Piloting a Precision Approach to Home Visiting: Precision Family Spirit®

Theme(s):
Early Childhood Development, Parenting

Study Rationale 
Early childhood home visiting plays a critical role in promoting maternal and child health. At scale, home visiting programs share challenges of participant recruitment and retention. Tailoring home visiting programs to each individual mother while maintaining fidelity to the original model may address these challenges, but more research is needed to understand if this approach is feasible and acceptable. 

Pilot Study Overview & Aims
The Johns Hopkins for American Indian Health and the Inter-Tribal Council of Michigan conducted a pilot study to test a precision approach for the Family Spirit® early childhood home visiting program. Home visitors were given support to tailor the curriculum and meet the unique needs of each mother. 

  • Aim 1: Explore the acceptability and feasibility of a precision approach to home visiting from the perspective of enrolled mothers
  • Aim 2: Examine the difference between Precision Family Spirit and Standard Family Spirit client-home visitor relationship, goal alliance
  • Aim 3: Gather information on family outcomes to inform study design and other features for a fully-powered study
  • Aim 4: Understand implementation facilitators and challenges from the perspective of home visitors

The full study protocol has been published and is available in Open Access here.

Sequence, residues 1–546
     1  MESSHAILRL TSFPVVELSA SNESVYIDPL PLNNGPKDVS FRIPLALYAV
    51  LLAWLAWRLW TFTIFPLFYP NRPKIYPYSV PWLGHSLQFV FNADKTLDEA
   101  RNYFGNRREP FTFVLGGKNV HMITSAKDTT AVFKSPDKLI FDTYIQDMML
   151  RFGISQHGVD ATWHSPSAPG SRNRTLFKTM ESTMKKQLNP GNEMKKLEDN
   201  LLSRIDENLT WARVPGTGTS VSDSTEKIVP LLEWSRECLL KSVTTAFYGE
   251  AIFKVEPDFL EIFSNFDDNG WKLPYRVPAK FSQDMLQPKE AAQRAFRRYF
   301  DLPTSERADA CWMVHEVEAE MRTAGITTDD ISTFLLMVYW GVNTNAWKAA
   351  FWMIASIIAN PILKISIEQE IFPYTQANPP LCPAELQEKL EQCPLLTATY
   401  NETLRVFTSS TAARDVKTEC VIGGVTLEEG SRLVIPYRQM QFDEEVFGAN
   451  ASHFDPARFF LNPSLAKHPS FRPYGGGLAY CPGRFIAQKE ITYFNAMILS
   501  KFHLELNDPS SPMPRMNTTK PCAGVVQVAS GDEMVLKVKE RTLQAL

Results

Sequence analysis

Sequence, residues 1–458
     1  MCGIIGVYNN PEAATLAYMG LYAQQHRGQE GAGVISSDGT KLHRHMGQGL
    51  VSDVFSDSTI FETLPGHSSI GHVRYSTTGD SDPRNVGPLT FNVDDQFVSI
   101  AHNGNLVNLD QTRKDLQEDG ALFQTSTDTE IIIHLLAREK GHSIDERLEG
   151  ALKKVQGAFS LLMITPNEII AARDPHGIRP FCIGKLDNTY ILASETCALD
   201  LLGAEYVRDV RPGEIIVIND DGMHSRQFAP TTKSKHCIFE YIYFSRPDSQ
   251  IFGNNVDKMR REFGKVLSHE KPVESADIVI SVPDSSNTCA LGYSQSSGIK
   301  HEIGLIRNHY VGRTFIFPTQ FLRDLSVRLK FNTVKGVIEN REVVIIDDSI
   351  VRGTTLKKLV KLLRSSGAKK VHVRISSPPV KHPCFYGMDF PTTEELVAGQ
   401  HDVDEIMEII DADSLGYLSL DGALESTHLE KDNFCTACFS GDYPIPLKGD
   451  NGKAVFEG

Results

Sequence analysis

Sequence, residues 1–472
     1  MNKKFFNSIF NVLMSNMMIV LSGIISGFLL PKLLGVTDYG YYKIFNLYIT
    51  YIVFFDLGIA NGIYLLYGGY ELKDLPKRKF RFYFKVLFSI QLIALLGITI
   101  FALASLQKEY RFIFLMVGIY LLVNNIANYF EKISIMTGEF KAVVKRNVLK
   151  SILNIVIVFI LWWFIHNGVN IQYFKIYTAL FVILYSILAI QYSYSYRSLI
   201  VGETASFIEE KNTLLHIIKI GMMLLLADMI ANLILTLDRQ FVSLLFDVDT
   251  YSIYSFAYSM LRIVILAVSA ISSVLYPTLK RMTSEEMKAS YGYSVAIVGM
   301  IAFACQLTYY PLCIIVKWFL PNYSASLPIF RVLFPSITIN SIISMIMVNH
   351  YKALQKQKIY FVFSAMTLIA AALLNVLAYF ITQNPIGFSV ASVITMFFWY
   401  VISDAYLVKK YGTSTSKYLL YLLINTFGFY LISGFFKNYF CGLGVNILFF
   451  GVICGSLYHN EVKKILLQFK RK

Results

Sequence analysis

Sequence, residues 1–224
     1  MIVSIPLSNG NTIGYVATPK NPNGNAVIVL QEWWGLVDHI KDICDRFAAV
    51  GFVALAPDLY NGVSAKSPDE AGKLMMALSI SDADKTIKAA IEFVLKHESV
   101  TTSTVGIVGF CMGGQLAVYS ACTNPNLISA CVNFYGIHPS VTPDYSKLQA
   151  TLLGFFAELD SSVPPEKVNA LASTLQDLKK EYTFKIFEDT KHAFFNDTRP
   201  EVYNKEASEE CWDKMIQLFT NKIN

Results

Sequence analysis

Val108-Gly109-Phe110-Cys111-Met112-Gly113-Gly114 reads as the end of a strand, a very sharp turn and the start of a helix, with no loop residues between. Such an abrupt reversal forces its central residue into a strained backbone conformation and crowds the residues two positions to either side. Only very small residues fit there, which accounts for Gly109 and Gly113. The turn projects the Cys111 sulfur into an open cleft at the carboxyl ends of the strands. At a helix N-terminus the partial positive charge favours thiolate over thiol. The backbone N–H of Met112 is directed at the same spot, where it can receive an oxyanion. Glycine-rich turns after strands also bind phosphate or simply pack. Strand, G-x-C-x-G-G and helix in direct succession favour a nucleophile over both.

Study Participants

  • Sixty mothers from four home visiting sites in Michigan participated in the pilot study. Half the mothers received Standard Family Spirit and half received Precision Family Spirit. 
  • The average age of the mothers in the program was 26.6 years old 
  • About three-quarters (73%) of mothers reported household incomes below the federal poverty line
  • 20% of mothers were at moderate risk for substance abuse (alcohol or drugs)
  • 13% of mothers reported nutrition concerns when they started the study
  • Average of 6.26 visits completed between study enrollment and 6 months after birth
  • Top 3 most useful Family Spirit lessons: Breastfeeding, Parenting Techniques, and Child Development

[The most helpful part of the Family Spirit Program is] being able to talk freely about my everyday life, not feeling judged, and receiving beneficial information and insights into my situation.” (Precision Family Spirit Participant)

Main Study Findings

  • Precision Family Spirit was found to be acceptable and feasible.
  • Standard Family Spirit had some lessons that were unnecessary for some families, indicating that tailoring of the curriculum is appropriate.
  • Home visitors and participants form strong alliances regardless of approach.
  • Participant outcomes across groups were what was expected.

The research team is in the process of disseminating study findings to the participants and communities, as well as preparing manuscripts for submission to academic journals. More information will be added as it becomes available.

JHCAIH Study PI Contact Information
Dr. Emily E. Haroz, eharoz1@jhu.edu

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